I love questions. Good questions. In the interest of building relationships, I am trying to learn to quit talking and ask good questions of people.
I’ve had some mentors along this line, like cousin Ruth. She comes armed to all family gatherings with a list of things she would be interested in knowing about us, and she inquires. We can count on her to get conversation going, and not just about superficial topics. I feel honored when she makes sure I get a chance to think on and answer her questions. She listens, maybe asks more questions, and she remembers. Ruth has built relationships with many of us based on wanting to know, inquiring and listening. How rare.
Sometimes I go from year to year, in my relationships with my adult children, thinking that I know them already. After all, I lived with them from their birth and was around when they became themselves. Who should know them better? But no. They have now lived more years apart from me than with me, and nobody, nobody tells Mommy everything. My history with my children does give me some advantage, but I realize that I don’t know everything about them, and some good, respectful questions can add to our relationship.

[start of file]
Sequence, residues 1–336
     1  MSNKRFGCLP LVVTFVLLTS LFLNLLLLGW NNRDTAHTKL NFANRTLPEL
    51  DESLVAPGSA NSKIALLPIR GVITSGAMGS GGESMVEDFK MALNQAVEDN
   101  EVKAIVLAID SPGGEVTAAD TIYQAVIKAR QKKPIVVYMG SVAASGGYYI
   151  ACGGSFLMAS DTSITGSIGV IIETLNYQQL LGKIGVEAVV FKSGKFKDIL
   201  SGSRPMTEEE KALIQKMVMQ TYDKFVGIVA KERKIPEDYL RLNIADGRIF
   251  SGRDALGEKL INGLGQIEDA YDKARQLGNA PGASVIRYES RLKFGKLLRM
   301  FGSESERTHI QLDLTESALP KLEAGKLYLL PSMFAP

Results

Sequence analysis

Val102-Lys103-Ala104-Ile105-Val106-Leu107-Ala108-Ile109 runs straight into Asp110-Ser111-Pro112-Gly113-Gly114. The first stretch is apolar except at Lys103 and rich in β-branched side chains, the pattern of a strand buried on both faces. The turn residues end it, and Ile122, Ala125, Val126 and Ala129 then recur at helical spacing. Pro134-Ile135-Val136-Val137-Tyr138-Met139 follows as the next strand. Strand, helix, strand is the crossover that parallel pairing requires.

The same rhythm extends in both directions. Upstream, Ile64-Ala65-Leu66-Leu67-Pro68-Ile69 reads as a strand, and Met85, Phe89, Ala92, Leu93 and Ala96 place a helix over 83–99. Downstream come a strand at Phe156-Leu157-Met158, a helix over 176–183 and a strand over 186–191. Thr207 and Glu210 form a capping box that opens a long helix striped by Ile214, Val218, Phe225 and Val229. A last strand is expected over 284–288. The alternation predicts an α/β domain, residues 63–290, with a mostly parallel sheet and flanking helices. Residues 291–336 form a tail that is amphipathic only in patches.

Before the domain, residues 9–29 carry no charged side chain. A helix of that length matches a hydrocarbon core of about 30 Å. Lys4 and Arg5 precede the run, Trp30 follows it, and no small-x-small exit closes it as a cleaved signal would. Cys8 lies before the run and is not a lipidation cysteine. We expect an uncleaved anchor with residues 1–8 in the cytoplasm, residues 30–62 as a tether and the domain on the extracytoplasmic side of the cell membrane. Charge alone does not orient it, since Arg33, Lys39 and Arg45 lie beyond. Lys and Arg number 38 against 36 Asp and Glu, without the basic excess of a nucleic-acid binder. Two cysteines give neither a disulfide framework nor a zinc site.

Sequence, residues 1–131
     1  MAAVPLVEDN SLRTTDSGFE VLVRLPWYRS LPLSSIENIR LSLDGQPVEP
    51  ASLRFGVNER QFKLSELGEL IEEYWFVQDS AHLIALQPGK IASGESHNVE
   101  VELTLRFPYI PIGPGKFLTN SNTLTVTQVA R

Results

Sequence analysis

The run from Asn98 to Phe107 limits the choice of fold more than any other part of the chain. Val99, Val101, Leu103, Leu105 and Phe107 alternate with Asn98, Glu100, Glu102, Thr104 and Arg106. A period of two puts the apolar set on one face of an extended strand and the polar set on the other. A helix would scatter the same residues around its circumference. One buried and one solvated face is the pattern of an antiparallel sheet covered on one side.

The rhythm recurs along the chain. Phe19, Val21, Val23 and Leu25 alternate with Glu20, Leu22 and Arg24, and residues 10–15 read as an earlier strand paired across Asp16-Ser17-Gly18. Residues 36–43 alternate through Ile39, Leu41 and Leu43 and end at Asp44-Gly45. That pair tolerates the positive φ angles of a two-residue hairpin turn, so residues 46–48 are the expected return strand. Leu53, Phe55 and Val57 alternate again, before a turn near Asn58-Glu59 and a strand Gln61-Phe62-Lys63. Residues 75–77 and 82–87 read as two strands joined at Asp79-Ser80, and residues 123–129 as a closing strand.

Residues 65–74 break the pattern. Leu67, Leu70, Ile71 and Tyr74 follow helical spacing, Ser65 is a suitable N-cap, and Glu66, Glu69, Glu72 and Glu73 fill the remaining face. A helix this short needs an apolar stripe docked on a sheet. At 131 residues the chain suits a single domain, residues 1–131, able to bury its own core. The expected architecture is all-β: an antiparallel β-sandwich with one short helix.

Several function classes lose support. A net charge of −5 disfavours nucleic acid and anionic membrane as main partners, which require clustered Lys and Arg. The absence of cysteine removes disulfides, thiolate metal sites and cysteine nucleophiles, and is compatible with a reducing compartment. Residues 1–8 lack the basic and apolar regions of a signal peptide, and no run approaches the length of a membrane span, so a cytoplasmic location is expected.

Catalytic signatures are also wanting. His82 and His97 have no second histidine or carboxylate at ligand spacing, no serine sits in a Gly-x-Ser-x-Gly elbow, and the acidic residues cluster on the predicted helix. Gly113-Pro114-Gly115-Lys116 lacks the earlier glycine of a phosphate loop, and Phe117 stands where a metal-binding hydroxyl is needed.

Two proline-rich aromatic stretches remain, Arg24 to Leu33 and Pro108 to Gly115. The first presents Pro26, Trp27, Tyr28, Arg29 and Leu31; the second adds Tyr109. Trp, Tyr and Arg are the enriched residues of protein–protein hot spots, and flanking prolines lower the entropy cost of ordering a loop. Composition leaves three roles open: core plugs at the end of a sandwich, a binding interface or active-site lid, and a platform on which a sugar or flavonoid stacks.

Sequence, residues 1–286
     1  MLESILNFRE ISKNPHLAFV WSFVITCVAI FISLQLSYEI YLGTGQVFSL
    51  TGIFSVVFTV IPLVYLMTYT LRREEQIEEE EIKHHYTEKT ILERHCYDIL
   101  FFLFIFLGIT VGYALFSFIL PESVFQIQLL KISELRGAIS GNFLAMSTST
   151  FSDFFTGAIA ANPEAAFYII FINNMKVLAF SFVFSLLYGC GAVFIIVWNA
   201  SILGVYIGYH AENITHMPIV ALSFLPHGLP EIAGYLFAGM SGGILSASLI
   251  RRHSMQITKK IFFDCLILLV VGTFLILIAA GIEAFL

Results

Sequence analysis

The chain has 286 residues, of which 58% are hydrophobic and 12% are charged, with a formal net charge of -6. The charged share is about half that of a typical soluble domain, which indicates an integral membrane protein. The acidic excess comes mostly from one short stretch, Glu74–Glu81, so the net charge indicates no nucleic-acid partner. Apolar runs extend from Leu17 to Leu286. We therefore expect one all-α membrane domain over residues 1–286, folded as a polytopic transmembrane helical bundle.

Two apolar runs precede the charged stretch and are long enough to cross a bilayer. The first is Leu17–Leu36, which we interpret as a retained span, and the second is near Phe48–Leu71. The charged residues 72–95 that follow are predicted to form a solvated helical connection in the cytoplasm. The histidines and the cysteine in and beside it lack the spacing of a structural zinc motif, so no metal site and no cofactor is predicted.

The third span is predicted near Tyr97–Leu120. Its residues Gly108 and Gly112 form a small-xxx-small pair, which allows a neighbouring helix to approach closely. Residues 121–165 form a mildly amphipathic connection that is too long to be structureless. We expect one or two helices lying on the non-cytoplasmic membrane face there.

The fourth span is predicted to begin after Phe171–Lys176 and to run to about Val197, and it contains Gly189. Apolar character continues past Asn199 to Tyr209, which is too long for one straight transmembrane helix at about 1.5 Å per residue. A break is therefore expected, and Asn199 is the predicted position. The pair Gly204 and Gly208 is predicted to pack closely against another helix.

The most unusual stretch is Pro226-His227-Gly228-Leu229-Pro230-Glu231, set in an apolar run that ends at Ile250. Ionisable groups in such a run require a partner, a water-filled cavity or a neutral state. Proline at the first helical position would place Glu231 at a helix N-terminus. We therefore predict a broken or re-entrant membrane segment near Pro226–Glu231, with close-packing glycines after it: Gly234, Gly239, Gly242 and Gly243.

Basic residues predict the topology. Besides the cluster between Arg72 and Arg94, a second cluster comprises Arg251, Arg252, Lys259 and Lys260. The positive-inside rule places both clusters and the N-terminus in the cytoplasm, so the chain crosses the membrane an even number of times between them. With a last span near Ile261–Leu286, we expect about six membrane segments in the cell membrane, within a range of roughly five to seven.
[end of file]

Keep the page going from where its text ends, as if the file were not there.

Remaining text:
“What is one thing about yourself, that you wouldn’t mind telling me, that you’re pretty sure I don’t know?” I consider asking this question, and almost feel like it takes a bit of courage to ask it. It’s then I realize that my children are their own persons, not a known extension of me or my own thinking. I might be surprised by their answer, and that’s okay.
My relationship with my own mother has deepened through inquiry – not my own but that of a “do-it-yourself memoir”. She doesn’t like to write, so I write down her answers for her in this small, hard bound book. They aren’t all relevant questions but the ones she does answer provide details about her life and who she is that I would not have discovered any other way. Lots of our history and even our thoughts and philosophies, don’t come out in common, everyday living. I get a more complete picture of who Mom is through questions.
Actually, inquiry, is at the heart of most of my in-person visits to my children. I hope when I come that they feel my desire to know them better. I want to see with my own eyes what life is like for them, how they respond to the people in their lives, their work, their pressures, their joys and sorrows. I don’t want to “snoop”, I want to see what they don’t mind showing me, for the purpose of loving, supporting and building relationship.
Can you think of a really interesting, respectful question that you would like to ask in a relationship building encounter? Share it please!
I have to add this. I listen to a lot of podcasts and interviews and one of my pet peeves is the phrase “that is such a good question” given after every question, whether it is a good one or not. Just answer the question, okay? We’ll decide if it was good.